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Adult Literacy and Life Skills (ALL) Survey

7 December 2007

Adult Literacy and Life Skills (ALL) Survey release Friday 7 December 2007.

Literacy Aotearoa welcomes the release of the Adult Literacy and Life Skills (ALL) Survey. In particular we note the improvement in the Document Literacy results for adults in the survey results. The results show that there has been a reduction in the proportion of adults in Levels One and Two from those reported in the 1996 International Adult Literacy Survey.

Bronwyn Yates, Te Tumuaki (CEO) of Literacy Aotearoa, noted the importance in remembering that the results published today from the Adult Literacy and Life Skill Survey focus on only two of the four components of the survey. “Literacy Aotearoa is keen to see the results from the Prose Literacy and Problem Solving components so as to gain a clearer picture of the overall results for the Adult Literacy and Life Skills for adults living in Aotearoa.”

The results of the survey indicate the levels of literacy and numeracy difficulty that prevent people from fully utilising their skills, knowledge and intelligence. This is valuable data that can inform the development of Government strategies to ensure equitable access to quality literacy learning opportunities and achievement of the Tertiary Education Strategy Goals.

Despite the improvement recognised in Document Literacy, the report shows that there is a considerable level of need to be addressed. 43% of those surveyed have high document literacy needs. They will have had difficulties reading and interpreting information found in graphs, charts and tables. 51% of those surveyed have high numeracy needs. They will have experienced difficulties calculating and estimating.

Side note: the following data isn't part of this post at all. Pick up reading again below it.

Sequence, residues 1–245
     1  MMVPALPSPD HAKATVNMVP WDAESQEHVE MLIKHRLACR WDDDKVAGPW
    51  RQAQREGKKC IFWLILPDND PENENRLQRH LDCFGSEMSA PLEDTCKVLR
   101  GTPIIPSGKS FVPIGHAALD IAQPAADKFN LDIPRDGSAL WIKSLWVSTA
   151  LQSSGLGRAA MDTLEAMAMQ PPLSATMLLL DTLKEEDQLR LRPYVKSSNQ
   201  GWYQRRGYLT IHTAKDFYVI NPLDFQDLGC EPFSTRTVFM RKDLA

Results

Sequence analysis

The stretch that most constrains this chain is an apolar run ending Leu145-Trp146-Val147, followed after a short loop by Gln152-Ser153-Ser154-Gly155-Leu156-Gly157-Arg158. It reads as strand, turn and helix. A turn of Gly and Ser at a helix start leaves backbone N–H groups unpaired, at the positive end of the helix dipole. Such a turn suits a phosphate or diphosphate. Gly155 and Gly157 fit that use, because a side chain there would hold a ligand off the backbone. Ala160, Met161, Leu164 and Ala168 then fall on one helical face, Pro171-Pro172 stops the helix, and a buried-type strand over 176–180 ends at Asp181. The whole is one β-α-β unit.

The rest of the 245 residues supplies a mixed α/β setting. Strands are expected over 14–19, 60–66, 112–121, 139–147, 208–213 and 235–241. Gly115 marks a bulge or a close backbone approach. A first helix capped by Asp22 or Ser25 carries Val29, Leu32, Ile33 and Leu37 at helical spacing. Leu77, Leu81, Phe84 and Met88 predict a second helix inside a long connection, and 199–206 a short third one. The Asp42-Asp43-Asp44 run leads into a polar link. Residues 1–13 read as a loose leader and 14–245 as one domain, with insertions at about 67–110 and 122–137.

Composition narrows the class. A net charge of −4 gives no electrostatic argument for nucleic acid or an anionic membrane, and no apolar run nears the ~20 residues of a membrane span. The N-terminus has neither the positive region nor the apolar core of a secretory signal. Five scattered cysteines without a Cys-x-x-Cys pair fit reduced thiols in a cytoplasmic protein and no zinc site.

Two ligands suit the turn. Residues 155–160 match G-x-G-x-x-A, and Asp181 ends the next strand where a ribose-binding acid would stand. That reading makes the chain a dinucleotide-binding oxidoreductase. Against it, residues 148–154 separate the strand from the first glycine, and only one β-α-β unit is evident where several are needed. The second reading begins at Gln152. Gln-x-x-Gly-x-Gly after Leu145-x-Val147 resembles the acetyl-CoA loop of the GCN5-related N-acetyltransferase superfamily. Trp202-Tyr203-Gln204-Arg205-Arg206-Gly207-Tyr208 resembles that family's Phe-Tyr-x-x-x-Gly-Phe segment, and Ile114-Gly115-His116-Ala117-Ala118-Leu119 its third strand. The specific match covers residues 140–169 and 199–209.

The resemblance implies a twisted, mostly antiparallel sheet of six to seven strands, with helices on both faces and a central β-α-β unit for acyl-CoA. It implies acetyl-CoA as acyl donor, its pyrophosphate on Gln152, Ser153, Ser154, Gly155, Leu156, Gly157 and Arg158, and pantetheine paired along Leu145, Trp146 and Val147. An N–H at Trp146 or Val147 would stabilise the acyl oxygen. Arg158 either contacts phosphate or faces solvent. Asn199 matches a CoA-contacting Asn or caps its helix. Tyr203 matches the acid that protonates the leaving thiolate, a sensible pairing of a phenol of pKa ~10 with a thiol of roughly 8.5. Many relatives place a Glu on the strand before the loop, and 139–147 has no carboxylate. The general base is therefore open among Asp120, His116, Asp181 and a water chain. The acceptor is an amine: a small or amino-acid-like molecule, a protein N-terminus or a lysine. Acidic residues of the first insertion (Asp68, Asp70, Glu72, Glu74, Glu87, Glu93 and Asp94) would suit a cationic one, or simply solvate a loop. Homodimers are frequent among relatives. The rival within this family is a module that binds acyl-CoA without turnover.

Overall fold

It is important to recognise that people who experience difficulty have developed coping skills and still carry out literacy tasks everyday in their homes, workplaces and communities. For many the gaps in their competencies may restrict the extent that they can be involved in their communities, at work, their whanau/family, with their children’s school and coping with chronic illness, to name a few aspects.

If Government is to achieve its targets to significantly improve literacy levels for the adult population, then additional resources are needed to support learning opportunities for people to make literacy gains.

Literacy Aotearoa is a national network of over 50 adult literacy providers. “Every year we work with over 6500 adults seeking to improve their literacy skills, and every year we witness the positive gains these adults make in their lives, and for their families. We hear the stories of the huge impact of their personal development, in their home, in their workplace, in their community.

This is a significant issue to be addressed and New Zealand has the ability to do so. Literacy Aotearoa is part of a larger sector of providers, industries, unions and Government agencies committed to establishing and providing best-fit solutions to effectively meet the adult literacy needs of New Zealand.

ENDS

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